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9, June-2001.


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A Macedonian policeman uses his gun sight to check rebel ethnic Albanian positions in Aracinovo village June 9, 2001, as Macedonian army and special police forces surrounded the village. The self-styled National Liberation army rebels solidified control in Aracinovo village, situated only 10 kilometers away, bringing war to the doorstep of Macedonia's capital Skopje. REUTERS/Ognen Teofilovski


Macedonian army soldiers hold their weapons as they sit on top of an Armoured Personnel Carrier (APC) driving along the motorway towards Skopje June 9, 2001. The self-styled National Liberation army rebels solidified control in Aracinovo village, situated just 10 km from the village, bringing war to the doorstep of Macedonia's capital Skopje. REUTERS/Ognen Teofilovski


Ethnic Albanian refugees pass a sign marking the border between Macedonia and Kosovo in the town of Blace June 9, 2001. A fresh wave of ethnic Albanians poured into Kosovo on Saturday, fleeing a conflict in neighbouring Macedonia and increasing the number of refugees to almost 4,000. The latest influx on Friday and Saturday came mostly from the town of Aracinovo, just 10 km (six miles) east of the Macedonian capital Skopje, where rebels from the National Liberation Army (NLA) were seen for the first time on Friday. REUTERS/Hazir Reka


European Union foreign policy chief Javier Solana talks with Macedonian officials in Skopje June 9, 2001. Solana said the country's fractious parties agreed to back a peace plan aimed at ending a four-month insurgency by ethnic Albanian guerrillas. REUTERS/Ognen Teofilovski



After the meeting with the Macedonian officials at the Parliament, Javier Solana, EU High Representative for Common Foreign and Security Policy, expressed his satisfaction with the outcome of the discussions in overall during his two-day visit to the Republic of Macedonia.

"The most important conclusions at the yesterday's and today's meetings are that all the political leaders support the security issues and the President Trajkovski's plan, displayed yesterday before the Assembly, as well as that they have agreed to continue and intensify the on-going political dialogue," said Solana. Following to that, he said he had invited all the Macedonian relevant political leaders to participate in the EU Summit, which is to take place in Luxembourg on June 25, 2001, in order to evaluate collectively once again the situation in the Republic of Macedonia.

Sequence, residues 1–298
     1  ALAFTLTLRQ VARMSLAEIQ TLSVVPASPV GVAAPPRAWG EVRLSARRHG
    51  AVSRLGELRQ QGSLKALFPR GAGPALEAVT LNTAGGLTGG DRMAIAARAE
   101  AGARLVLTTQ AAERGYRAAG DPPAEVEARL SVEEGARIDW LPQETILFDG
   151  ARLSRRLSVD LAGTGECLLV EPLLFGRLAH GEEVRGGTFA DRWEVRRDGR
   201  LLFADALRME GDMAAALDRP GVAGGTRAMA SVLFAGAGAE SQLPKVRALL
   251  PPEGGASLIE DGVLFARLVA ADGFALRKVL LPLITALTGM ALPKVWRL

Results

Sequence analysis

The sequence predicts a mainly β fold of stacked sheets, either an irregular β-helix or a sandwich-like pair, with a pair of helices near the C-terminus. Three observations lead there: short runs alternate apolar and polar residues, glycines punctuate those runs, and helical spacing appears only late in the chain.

"Once again I would like to say that nothing politically can be achieved through violent means. The people and NLA have to know that the only way to achieve political achievements is through politics, diplomacy, dialogue and meeting such as this one today," stressed Solana.

On the journalist's question whether there were some misunderstandings during the dialogue, Solana answered positively, saying that they will be surpassed.

About the casualties in Macedonia inspite of the fact that a political dialogue is on, Solana said that all attendants at this meeting have agreed that the civilians have to get the necessary humanitarian aid.

"When this issue is concerned, we will cooperate with the international community and the European Union," said Solana, who is about to set out for Jerusalem Saturday afternoon.



Highest officials of VMRO - DPMNE and SDSM met Saturday, where the security crisis and the ways out of it were discussed.

The overall situation in the country, especially the regions of crisis as well as the current international position of our country were reviewed. Special emphasis was put on the military, political, diplomatic and other measures, which should be undertaken for gradual and complete resolution of the crisis.

It was assessed that the preserving of the Macedonian territorial integrity is the most important issue and that no compromises or alternative plans could be made in that respect. The presented plan on disarming of the terrorist groups was supported.